When the new Truckee Tahoe Airport building was constructed in 2009, local artist Carole Sesko envisioned more than an updated hub for air traffic coming to and going from the region. In her mind’s eye, she saw naked walls that could serve as a blank canvas full of possibilities for artists to display their talents.

“Airports are the new museums,” Sesko told Moonshine Ink on a recent walk-through of the airport nestled between Highway 267 and Interstate 80.

She proposed the idea of exhibiting works of art on the walls of the new facility. The concept was well-received by general manager Kevin Smith, who came to Truckee from Salt Lake City’s airport, which itself has a robust art-in-airport program.

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“I tell people that arts and art is a huge industry in aviation,” Smith shared with Moonshine Ink during a previous interview. “When a new terminal is built at a large-hub airport, they’ll set aside [1%] or 2% of the overall project budget for public art, and that art enhances the transportation experience.”

SEEING RED: You can check out Coakley’s photograph, Cuban Red, through April 19 at the Truckee Tahoe Airport. “It seemed [the car was] parked there under all those red tree blossoms as if it were staged for a photo,” Coakley said of the image he captured during a trip to Cuba. It was too perfect for him to pass up.
Having spent now nearly a decade as curator of the Truckee airport’s art program, Sesko finds it rewarding to give a boost to artists while also sharing their pieces with those who pass through the terminal. To date, close to 120 artists have exhibited at Truckee airport. While most have hailed from throughout the region — defined by Sesko as Tahoe/Truckee, but also extending within about a 100-mile radius to include Nevada City, Reno, and the Great Basin — there have been exhibitors from Berkeley and other parts of the Bay Area as well, and even as far as Boston.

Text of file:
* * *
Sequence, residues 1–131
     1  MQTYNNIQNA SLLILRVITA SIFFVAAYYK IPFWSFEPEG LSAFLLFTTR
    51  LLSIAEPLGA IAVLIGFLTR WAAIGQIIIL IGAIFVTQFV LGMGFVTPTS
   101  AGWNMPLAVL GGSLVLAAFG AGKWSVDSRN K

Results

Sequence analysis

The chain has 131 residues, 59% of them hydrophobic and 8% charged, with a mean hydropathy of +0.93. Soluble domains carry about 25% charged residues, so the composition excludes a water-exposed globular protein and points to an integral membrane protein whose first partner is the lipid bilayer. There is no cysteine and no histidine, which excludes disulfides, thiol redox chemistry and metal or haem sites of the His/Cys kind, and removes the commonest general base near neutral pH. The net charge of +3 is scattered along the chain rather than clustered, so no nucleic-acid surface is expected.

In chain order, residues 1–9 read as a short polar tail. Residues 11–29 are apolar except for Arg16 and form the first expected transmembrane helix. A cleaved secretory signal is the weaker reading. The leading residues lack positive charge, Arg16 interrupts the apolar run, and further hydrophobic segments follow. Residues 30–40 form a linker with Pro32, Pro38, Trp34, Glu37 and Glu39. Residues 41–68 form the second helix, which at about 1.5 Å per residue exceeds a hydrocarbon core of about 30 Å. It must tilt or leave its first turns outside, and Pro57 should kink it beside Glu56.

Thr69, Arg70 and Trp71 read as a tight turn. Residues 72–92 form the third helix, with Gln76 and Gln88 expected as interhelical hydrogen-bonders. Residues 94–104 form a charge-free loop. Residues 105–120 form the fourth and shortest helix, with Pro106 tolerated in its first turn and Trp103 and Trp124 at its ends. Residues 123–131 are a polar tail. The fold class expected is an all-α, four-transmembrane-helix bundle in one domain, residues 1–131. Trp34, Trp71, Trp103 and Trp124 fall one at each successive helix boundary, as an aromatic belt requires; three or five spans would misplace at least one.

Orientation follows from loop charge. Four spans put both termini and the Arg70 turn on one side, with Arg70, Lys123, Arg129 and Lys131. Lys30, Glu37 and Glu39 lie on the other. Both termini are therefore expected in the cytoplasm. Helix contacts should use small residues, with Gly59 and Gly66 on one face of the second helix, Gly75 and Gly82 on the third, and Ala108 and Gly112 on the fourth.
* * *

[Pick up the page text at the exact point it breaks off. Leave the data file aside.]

“Basically what I try to do is pick three artists who are really diverse, so none of them are competing with each other, and that have something to say about our area or aviation,” Sesko commented. “I think that it’s important for people to see art that’s from out of our area as well as what’s in [the area].”

It all comes down to whom the audience comprises. Sesko said that aside from the airport employees, who look forward to the various exhibits throughout the year, there are three main types of people who pass through the airport on a regular basis.